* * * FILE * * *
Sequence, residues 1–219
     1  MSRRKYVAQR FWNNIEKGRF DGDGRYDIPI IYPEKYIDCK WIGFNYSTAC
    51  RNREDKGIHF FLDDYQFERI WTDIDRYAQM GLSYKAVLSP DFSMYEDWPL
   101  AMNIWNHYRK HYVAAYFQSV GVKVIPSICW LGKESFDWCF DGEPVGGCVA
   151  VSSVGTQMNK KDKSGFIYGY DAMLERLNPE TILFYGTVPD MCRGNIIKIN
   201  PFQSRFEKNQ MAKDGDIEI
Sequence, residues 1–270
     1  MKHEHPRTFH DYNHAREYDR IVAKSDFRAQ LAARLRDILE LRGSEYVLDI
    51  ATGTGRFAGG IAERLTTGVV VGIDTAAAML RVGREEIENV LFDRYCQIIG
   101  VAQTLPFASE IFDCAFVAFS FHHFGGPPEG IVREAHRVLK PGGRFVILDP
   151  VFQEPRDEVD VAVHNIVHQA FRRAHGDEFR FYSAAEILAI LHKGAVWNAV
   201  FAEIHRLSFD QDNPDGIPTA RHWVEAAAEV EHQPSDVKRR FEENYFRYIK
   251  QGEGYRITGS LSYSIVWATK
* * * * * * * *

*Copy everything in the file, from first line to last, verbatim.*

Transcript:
Sequence, residues 1–219
     1  MSRRKYVAQR FWNNIEKGRF DGDGRYDIPI IYPEKYIDCK WIGFNYSTAC
    51  RNREDKGIHF FLDDYQFERI WTDIDRYAQM GLSYKAVLSP DFSMYEDWPL
   101  AMNIWNHYRK HYVAAYFQSV GVKVIPSICW LGKESFDWCF DGEPVGGCVA
   151  VSSVGTQMNK KDKSGFIYGY DAMLERLNPE TILFYGTVPD MCRGNIIKIN
   201  PFQSRFEKNQ MAKDGDIEI
Sequence, residues 1–270
     1  MKHEHPRTFH DYNHAREYDR IVAKSDFRAQ LAARLRDILE LRGSEYVLDI
    51  ATGTGRFAGG IAERLTTGVV VGIDTAAAML RVGREEIENV LFDRYCQIIG
   101  VAQTLPFASE IFDCAFVAFS FHHFGGPPEG IVREAHRVLK PGGRFVILDP
   151  VFQEPRDEVD VAVHNIVHQA FRRAHGDEFR FYSAAEILAI LHKGAVWNAV
   201  FAEIHRLSFD QDNPDGIPTA RHWVEAAAEV EHQPSDVKRR FEENYFRYIK
   251  QGEGYRITGS LSYSIVWATK